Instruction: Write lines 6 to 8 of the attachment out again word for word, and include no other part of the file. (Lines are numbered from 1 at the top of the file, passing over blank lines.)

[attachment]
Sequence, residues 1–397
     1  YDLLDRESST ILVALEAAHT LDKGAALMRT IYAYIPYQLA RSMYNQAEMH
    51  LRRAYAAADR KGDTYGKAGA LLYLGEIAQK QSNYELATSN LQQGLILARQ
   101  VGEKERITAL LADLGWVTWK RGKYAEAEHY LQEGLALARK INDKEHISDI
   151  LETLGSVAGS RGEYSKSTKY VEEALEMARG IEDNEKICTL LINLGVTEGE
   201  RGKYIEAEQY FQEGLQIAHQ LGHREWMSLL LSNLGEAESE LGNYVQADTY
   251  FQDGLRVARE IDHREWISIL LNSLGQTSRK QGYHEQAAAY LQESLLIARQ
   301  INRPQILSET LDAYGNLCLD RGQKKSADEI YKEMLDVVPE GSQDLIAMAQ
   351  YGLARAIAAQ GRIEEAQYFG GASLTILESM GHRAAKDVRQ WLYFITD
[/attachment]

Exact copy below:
   201  RGKYIEAEQY FQEGLQIAHQ LGHREWMSLL LSNLGEAESE LGNYVQADTY
   251  FQDGLRVARE IDHREWISIL LNSLGQTSRK QGYHEQAAAY LQESLLIARQ
   301  INRPQILSET LDAYGNLCLD RGQKKSADEI YKEMLDVVPE GSQDLIAMAQ